On 13 February 2013, it was announced in a joint statement by the presidents of the United States, the European Council and the European Commission that “the internal procedures necessary to launch negotiations on a Transatlantic Trade and Investment Partnership” should be initiated in both the EU and the US. The prospect of an EU–US free-trade agreement (FTA) was described by EC President José Manuel Barroso as “a game-changer”, since it would create “the largest free trade zone in the world”.
President Barroso, in his statement delivered in Brussels, recognised that a major effort and “political will” would be needed “to make [EU and US] rules and regulations compatible”. According to the EC, “aligning rules and technical product standards… currently form the most important barrier to transatlantic trade”. Studies show the additional cost of regulatory differences as “equivalent to a tariff of more than 10% and even 20% for some sectors” (compared to “classic tariffs” of around 4%). For this reason, Trade Commissioner Karel De Gucht, in a speech on the importance of the agreement, identified “regulatory aspects” as “an important part of the agreement”.
According to the International Centre for Trade and Sustainable Development (ICTSD), the US takes the view that FTA negotiations should only be launched if there are clear prospects for swift completion, and has “asked Brussels to pre-emptively remove a series of agricultural barriers, as a sign that the EU has the necessary political will to address some of the tougher topics once the actual negotiations begin”.
According to ICTSD, the EC responded positively in February to two of three requests tabled, by lifting “its ban on imports of live pigs and of beef carcasses cleaned with lactic acid”. ICTSD saw regulatory issues as the “most contentious” part of the pending negotiations, and the BBC reported the US trade representative as saying that “even sensitive issues such as agricultural subsidies” would need to be discussed.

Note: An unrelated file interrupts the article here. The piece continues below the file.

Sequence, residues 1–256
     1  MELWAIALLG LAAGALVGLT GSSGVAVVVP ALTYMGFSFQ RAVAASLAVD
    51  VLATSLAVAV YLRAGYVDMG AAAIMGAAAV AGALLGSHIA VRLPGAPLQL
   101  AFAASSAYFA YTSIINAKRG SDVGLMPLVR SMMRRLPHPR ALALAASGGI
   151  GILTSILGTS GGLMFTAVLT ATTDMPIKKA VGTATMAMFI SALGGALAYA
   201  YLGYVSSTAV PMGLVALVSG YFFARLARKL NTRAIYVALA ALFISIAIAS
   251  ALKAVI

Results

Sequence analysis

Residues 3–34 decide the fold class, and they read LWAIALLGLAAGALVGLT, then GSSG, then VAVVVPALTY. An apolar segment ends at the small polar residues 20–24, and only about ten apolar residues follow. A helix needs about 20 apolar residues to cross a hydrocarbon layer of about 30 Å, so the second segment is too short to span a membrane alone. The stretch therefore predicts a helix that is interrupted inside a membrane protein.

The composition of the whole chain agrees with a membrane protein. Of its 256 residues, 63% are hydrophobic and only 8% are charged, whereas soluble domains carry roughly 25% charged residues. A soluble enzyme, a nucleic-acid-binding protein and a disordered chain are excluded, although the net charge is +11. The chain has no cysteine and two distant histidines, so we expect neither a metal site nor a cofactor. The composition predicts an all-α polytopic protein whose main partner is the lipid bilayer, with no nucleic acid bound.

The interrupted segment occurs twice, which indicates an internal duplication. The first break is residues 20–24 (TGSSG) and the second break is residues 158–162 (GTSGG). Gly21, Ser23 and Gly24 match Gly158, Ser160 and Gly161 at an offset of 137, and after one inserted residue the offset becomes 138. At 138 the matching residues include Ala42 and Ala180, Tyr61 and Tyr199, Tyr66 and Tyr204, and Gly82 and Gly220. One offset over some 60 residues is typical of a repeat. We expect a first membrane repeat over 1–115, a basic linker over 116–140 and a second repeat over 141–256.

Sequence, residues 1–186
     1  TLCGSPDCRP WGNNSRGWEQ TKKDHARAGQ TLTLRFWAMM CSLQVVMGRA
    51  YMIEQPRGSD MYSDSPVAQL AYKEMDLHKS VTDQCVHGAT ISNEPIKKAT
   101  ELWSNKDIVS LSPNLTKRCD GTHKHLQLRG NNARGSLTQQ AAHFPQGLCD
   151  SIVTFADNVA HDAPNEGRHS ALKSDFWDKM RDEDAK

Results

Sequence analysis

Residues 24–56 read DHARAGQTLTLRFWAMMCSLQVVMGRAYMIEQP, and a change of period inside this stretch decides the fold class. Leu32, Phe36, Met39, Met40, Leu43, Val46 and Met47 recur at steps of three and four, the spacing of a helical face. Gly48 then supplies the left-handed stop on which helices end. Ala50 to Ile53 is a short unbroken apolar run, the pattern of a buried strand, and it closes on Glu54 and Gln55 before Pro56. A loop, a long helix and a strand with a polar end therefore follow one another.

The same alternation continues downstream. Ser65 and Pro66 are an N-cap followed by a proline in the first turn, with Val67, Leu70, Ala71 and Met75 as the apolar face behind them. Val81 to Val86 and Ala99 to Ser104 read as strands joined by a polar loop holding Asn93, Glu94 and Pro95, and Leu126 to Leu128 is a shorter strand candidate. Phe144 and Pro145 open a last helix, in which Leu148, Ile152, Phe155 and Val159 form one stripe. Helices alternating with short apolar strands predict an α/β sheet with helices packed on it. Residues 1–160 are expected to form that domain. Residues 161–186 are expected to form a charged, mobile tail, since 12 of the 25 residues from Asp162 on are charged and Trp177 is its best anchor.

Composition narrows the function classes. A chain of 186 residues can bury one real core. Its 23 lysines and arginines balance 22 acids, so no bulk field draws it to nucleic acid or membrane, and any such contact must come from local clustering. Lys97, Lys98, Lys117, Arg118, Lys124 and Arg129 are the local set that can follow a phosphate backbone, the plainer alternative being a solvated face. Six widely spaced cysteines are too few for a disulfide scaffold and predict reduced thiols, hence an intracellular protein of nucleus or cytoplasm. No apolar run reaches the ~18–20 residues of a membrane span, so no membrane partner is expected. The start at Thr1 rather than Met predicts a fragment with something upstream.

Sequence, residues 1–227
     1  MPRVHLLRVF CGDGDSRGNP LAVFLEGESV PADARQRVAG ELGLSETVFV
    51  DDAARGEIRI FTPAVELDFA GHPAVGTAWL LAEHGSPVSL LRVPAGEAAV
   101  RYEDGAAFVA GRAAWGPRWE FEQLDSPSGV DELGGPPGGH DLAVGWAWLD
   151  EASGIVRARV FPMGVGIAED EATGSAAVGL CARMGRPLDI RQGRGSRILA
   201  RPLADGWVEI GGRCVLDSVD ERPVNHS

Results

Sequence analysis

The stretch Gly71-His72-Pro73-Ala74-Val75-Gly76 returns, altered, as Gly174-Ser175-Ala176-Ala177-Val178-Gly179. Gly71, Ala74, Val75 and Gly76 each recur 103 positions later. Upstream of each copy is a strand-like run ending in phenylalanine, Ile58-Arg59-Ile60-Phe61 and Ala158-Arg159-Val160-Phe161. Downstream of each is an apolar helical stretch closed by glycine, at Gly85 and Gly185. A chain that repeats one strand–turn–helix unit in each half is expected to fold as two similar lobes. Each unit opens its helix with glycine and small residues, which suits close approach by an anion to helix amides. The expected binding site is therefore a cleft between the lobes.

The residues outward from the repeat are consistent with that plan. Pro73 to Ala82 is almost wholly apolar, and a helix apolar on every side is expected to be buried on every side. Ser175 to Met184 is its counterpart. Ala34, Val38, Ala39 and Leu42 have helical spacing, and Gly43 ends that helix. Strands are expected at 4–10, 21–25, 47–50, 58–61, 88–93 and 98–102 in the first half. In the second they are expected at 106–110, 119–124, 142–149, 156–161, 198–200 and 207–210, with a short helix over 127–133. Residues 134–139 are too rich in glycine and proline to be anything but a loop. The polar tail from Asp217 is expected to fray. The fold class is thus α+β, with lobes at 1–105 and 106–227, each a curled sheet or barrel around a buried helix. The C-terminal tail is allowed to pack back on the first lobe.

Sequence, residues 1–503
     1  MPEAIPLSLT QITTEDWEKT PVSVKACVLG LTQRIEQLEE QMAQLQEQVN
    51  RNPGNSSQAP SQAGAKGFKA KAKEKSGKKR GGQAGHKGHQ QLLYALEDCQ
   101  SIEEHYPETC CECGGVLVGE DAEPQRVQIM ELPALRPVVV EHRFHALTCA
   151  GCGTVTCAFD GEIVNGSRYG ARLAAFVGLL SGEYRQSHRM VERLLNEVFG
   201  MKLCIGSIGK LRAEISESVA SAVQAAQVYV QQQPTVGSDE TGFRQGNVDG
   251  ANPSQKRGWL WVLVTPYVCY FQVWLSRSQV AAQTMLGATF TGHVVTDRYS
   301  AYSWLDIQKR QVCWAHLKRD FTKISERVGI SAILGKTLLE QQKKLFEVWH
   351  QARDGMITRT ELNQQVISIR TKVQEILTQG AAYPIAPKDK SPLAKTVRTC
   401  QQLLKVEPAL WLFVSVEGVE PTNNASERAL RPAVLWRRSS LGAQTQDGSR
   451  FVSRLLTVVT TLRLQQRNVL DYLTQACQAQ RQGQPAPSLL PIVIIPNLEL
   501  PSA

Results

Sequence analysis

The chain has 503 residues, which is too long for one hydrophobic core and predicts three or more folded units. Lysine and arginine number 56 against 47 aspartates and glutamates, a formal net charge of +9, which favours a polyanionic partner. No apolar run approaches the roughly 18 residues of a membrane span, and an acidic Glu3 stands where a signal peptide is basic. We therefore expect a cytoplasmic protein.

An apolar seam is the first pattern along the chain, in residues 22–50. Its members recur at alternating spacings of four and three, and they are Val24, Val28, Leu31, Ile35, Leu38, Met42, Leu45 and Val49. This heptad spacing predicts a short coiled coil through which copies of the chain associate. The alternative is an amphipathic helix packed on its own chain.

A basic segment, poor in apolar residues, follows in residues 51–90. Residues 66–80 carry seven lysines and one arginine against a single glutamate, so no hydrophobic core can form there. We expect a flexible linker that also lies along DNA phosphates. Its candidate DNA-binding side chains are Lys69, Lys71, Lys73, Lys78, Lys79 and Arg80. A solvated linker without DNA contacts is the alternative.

It was recognised in the final report of the joint EU–US High Level Working Group on Jobs and Growth, published on 11 February 2013, that any process of EU–US standards harmonisation would carry implications for the global system of rule-making on product standards.
Given the relatively low levels of tariffs applied on mutual trade between the EU and USA, the greatest effect of any EU–US FTA is likely to lie in the outcome of the process of standards harmonisation, which will form a central part of the negotiations. In some areas this could lead to changes to EU import regulations that ease market access for ACP exports (see Agritrade article ‘ Tightening of Citrus Black Spot controls could pose challenges’, 29 April 2013); in other areas it could complicate matters for ACP exporters.
It would appear important for concerned ACP exporters’ associations to monitor the process of EU–US standards harmonisation once it gets under way, in order to ensure that any changes that could potentially benefit ACP exporters are automatically extended to ACP suppliers. This, for example, could extend to ensuring that any mutual recognition agreements between the EU and the US are extended to third countries that are already approved to export to one of the two parties (either the EU or US). For example, this could be extremely useful in the case of exports of organic products.